Many TGNC people do not have access to evidence-based primary care, mental health care, and gender-affirming interventions. Determining how many transgender people struggle to obtain health care is challenging because there is a dearth of data about the size of the trans population. Researchers studying the prevalence of TGNC identities have tended to focus on transsexual-identified people, or those who experience gender dysphoria and thus seek transition-related care at gender specialty clinics. In a 2007 review that included 10 studies from eight countries spanning four decades, the prevalence of trans women ranged from 1 in 11,900 to 1 in 45,000, and the prevalence of trans men ranged from 1 in 30,400 to 1 in 200,000.15,16
Scholars have suggested the prevalence is actually much higher, given that many of the studies on TGNC populations are methodologically flawed. A 2011 report from the Williams Institute Gender Identity in US Surveillance Group at the University of California, Los Angeles School of Law estimates the adult trans population in the US to be about 700,000 or 0.3% of the population.17
Unfortunately, US health surveillance systems do not yet routinely include questions designed to identify gender minority respondents, limiting data that can be used to evaluate health disparities in the TGNC population. Moreover, in our culture, and by extension, in many research studies, sex and gender are often conflated, creating further challenges for data gathering.
Although many people in the general US population are uninsured, transgender people are less likely to have insurance than cisgender people. One study showed that 19% of transgender people are uninsured, nearly 25% more than the national average of 15%.18 Most people are insured through an employer, and transgender people are less likely to be employed than cisgender people. Moreover, because trans people have more difficulty obtaining identity documents with the appropriate name and gender, they may have more difficulty applying for public insurance, even if they qualify.19 In most states, Medicaid programs do not cover transgender-related care despite federal statutes requiring they do so.16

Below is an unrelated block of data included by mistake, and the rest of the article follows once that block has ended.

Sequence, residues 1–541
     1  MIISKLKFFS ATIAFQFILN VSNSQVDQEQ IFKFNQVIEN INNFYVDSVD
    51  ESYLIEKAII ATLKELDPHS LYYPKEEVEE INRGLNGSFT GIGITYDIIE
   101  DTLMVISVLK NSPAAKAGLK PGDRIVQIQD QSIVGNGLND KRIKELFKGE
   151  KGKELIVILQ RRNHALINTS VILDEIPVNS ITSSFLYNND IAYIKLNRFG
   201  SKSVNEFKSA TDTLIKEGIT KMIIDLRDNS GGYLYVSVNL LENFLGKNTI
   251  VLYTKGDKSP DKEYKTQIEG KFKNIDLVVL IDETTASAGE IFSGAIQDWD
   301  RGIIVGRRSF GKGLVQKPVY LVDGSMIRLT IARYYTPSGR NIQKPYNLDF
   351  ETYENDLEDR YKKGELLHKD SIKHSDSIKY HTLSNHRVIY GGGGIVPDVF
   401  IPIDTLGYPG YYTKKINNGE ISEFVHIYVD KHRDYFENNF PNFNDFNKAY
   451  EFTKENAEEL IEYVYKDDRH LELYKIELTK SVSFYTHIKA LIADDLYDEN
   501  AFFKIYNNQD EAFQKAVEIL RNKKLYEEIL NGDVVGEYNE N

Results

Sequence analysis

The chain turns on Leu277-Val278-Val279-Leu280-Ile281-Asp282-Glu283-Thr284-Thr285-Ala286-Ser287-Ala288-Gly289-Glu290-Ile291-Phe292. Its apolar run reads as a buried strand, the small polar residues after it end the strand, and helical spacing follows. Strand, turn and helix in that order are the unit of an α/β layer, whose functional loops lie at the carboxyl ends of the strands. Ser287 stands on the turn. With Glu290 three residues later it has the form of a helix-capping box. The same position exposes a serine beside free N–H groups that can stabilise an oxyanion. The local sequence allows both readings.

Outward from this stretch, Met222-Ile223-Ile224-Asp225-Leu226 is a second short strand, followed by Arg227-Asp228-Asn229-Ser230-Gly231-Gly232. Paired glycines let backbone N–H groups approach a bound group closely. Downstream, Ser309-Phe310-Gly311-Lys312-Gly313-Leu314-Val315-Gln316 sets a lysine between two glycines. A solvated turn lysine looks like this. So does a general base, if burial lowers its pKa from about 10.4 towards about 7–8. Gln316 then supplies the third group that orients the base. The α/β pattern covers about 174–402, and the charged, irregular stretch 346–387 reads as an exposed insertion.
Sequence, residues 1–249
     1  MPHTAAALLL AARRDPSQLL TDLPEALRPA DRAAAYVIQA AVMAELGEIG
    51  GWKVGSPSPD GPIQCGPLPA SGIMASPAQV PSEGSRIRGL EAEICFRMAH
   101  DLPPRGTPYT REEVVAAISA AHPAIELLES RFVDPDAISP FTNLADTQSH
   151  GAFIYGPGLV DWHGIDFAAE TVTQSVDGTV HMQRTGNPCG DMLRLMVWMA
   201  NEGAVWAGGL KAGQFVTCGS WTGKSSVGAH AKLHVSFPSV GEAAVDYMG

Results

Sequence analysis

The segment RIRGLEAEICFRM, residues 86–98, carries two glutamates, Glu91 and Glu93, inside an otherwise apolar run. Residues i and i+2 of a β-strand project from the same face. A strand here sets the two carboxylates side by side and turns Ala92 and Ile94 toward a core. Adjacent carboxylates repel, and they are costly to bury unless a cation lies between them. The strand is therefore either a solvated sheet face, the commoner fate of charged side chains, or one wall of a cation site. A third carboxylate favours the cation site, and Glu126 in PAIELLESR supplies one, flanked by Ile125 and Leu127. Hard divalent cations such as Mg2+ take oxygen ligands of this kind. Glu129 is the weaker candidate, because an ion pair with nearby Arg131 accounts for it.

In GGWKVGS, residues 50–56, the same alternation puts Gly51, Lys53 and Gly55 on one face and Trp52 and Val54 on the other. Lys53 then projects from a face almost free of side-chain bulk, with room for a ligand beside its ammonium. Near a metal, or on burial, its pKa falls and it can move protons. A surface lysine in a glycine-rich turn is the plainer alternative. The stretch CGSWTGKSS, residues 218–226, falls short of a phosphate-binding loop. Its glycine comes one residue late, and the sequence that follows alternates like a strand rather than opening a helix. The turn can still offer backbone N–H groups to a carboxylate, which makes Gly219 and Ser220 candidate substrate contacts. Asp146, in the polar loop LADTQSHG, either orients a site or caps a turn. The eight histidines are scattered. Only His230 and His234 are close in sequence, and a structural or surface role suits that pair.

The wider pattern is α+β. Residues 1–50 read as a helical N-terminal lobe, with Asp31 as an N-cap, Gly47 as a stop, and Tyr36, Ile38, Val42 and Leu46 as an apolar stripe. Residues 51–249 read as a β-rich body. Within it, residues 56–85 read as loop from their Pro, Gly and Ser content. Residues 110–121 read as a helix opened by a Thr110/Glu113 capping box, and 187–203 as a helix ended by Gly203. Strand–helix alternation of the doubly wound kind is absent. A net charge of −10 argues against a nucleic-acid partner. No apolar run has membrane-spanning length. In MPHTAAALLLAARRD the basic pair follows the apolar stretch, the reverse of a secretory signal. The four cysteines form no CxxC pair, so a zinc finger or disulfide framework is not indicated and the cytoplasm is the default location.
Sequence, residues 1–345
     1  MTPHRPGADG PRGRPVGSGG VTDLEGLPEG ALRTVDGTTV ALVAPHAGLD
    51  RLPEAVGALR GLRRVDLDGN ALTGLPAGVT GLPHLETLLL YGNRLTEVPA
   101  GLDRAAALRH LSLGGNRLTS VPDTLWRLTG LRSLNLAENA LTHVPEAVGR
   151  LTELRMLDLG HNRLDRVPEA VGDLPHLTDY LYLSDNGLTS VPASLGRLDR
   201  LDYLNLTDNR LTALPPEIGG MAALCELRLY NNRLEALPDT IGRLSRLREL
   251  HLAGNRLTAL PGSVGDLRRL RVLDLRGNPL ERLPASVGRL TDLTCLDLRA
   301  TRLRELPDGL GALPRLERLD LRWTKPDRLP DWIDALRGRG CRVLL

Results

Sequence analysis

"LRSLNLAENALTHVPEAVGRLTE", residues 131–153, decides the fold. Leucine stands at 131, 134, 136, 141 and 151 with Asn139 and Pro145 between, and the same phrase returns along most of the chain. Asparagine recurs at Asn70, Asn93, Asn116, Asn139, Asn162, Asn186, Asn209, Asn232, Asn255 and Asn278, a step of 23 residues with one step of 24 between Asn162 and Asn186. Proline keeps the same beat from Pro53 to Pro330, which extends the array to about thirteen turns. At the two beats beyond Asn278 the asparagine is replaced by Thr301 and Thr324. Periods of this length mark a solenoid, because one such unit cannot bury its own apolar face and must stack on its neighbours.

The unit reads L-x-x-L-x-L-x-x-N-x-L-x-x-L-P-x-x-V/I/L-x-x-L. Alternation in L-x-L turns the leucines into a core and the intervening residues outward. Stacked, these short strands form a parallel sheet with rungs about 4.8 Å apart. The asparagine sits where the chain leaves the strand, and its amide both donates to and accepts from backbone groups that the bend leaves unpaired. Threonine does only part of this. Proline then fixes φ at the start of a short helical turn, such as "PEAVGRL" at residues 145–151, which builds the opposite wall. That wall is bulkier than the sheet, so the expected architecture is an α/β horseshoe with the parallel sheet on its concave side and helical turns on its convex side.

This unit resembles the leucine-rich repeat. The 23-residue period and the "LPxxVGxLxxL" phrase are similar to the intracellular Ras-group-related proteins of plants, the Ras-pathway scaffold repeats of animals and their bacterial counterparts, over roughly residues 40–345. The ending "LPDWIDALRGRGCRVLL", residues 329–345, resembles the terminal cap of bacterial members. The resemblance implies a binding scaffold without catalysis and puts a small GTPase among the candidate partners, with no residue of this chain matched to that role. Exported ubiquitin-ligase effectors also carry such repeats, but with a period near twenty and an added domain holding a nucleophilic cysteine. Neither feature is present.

For those transgender people who are insured through an employer, the majority of policies exclude transgender care. This is steadily changing, with more and more employers offering inclusive insurance. According to the 2015 Human Rights Campaign's Corporate Equality Index, 418 private companies currently offer at least one transgender-inclusive health care plan.20 In addition, several states including California, Colorado, Oregon, and the District of Columbia have instituted regulations that bar exclusions for transgender care.
Because insurers use the sex or gender indicated on insurance forms to determine medically necessary care, transgender people must decide which designation is most appropriate. For example, if a transgender woman (assigned male at birth) lists “F” (for “female”) on her insurance forms, she may be able to obtain coverage for estrogen prescriptions, but she may be denied prostate care. Likewise, if a transgender man (assigned female at birth) selects “M” (for “male”), his insurance may cover testosterone prescriptions, but not routine gynecologic care, such as a pap smear. Even in the best case scenario in which an insurance company covers transgender-related care, obtaining authorization overrides for care specific to one's sex assigned at birth may delay care and payments.
Discrimination and Stigma
TGNC people frequently experience discrimination in health care, from disrespect and harassment to physical violence and outright denial of services.21,22 For many trans people, simply disrobing for a physical examination, being called from a waiting room by a name and pronoun discordant with one's gender identity, or using a gendered bathroom jeopardizes safety. Prejudice and bias by health care providers is well-documented, leading many TGNC people to avoid health care providers altogether. Many TGNC patients suffer from iatrogenic trauma due to negative interactions within health care systems.
The National Transgender Discrimination Survey,18 the most robust survey to date of discrimination experienced by TGNC people, included a sample of 6,456 respondents from 50 states. Participants reported barriers to care when seeking preventive medicine, routine and emergency care, and transgender-related services, which in turn deterred them from seeking further health care. Nineteen percent of the sample reported being refused care due to their transgender or gender nonconforming status, 28% reported postponing care due to harassment, and 2% reported physical violence in medical settings. Half reported having to educate their medical provider about transgender care.
Moreover, the data showed that racial bias presented a significant, additional risk of discrimination for TGNC people of color in virtually every area of the study, making their health care access and outcomes dramatically worse. Gender-minority status is only one of the social determinants of health, and it is important to examine health outcomes in the context of racial, ethnic, socioeconomic, and geographic diversity.21 To do so will require improved methods for collecting and analyzing data, and increased recruitment of gender and other minorities in public health research.